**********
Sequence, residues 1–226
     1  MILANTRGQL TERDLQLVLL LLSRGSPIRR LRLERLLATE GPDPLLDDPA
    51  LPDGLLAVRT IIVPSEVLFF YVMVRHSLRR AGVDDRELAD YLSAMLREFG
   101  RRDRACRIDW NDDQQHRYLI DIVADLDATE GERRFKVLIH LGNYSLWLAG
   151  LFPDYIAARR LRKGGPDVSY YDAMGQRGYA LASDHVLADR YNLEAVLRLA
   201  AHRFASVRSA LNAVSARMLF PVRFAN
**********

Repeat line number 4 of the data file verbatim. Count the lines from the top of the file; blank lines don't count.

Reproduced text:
   101  RRDRACRIDW NDDQQHRYLI DIVADLDATE GERRFKVLIH LGNYSLWLAG